​My Letter 


     Today my wife and I set out on a journey into the unknown. What began as just an idea has slowly solidified into a tangible reality. Four Letter Word is alive, no longer just scribblings on a white board in our kitchen but now a living, breathing organism that is constantly evolving to its environment. All journeys have to start somewhere; this is where our' begins...

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     On April 19, 2014 I will run the derby Marathon in Louisville, KY. My original goal for the race was to qualify for the prestigious Boston Marathon. In order to do this I will have to run 26.2 miles in just under 7 minutes per mile. All that changed three weeks ago when I underwent emergency surgery to repair a hernia that was causing me tremendous amount of pain. The day before my operation I spoke with the doctor and stressed the importance of being able to run the marathon in four weeks. The look on his face was priceless. He gave me a condescending pat on the back and informed me that I would be in no shape to run a marathon, much less a mile after surgery. A week and half after surgery I ran two miles and at two and half week mark I ran ten. Will I be able to reach my original goal of Boston Qualifying? Probably not, but what I've learned in the last three weeks is that my personal goals are insignificant next to our goal of spreading the message of Four Letter Word.

   

     Four Letter Word represents a different approach to treating Post Traumatic Stress Disorder (PTSD). We don't offer medication or self pity. What we offer is one single goal that you choose on your own and must achieve on your own. The path to completing this goal will not be easy but nothing worth accomplishing ever is. In the same fashion that iron is forged into steel, each participant will be tested mentally and physically over and over again, hammering out the impurities, leaving behind a survivor capable of appreciating life again.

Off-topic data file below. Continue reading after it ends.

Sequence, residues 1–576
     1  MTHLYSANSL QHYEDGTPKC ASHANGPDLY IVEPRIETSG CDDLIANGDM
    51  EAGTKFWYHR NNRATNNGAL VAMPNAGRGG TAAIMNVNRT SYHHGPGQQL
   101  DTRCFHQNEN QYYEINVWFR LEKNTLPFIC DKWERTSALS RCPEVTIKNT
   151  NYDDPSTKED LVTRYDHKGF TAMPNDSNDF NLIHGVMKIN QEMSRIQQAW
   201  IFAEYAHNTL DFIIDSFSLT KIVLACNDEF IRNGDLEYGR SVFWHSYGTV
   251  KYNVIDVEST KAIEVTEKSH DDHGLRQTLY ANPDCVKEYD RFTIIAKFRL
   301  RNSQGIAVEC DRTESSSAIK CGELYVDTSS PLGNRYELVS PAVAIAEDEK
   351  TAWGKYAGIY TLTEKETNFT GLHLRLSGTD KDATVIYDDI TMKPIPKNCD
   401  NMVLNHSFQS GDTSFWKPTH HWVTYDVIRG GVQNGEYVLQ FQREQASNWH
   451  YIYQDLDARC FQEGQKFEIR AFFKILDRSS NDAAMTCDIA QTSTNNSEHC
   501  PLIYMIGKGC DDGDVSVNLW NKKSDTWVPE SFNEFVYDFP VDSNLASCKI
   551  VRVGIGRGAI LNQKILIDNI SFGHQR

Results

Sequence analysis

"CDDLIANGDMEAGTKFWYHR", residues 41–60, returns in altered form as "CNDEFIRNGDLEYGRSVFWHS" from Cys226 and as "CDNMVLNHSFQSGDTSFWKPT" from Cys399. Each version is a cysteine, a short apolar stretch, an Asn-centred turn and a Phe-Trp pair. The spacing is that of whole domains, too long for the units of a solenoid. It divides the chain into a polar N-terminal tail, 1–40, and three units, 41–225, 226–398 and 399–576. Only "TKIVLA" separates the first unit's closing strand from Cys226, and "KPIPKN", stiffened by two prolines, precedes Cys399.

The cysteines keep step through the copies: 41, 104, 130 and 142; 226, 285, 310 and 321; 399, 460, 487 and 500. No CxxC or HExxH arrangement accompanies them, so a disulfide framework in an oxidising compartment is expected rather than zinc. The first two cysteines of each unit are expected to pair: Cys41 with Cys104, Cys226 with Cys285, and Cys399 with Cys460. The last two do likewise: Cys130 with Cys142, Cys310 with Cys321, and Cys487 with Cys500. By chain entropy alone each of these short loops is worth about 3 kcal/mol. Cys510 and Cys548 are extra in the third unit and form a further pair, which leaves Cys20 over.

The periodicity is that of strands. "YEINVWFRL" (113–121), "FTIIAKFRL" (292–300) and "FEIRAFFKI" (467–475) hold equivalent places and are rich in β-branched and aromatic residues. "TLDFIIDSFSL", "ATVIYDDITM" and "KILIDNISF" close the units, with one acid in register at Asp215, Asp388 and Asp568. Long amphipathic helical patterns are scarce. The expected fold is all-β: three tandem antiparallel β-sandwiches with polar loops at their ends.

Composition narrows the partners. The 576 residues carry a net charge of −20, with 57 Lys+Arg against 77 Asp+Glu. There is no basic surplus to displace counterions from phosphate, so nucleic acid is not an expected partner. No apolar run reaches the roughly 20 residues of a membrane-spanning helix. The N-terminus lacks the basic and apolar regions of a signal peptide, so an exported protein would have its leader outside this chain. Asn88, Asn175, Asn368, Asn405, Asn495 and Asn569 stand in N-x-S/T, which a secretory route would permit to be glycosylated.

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     On April 19th I won't have any fancy sponsors on my shirt, just the two four letter words JOHN & TICO. SFC Johnny Walls was gunned down on November 2nd 2007 in a village in Afghanistan. While moving to recover his body I was shot through the left side of my face, shattering my jaw and cheekbone. Had that bullet been just a quarter inch to the right I probably wouldn't be writing you this letter. Today the scar across the left side of my face serves as a daily reminder that life is too precious to waste being unhappy.

   

     On that same day I was air lifted to a larger military base for medical treatment. SFC Robert "Tico" Skelt and few others waited on the helicopter landing zone ready to transport me to the medical center. The only information Tico and the guys had at that time was that I had suffered a gunshot wound to the head. Fearing the worst, they prepped a stretcher to carry carry me off the helicopter. As the helicopter landed they moved out with the stretcher in tow, fully prepared to haul off the dead body of their friend. What they encountered was the exact opposite. As Tico remembers it, they came running up with the stretcher right as I jumped out of the helicopter like a crazed man covered in blood with what looked like a maxi pad wrapped around my head. I proceeded to curse at them for bringing the stretcher then walked over and jumped in the back of the ambulance. All I can recall of that moment was seeing Tico frozen, holding a stretcher in his hand starring at me like he had just seen a ghost.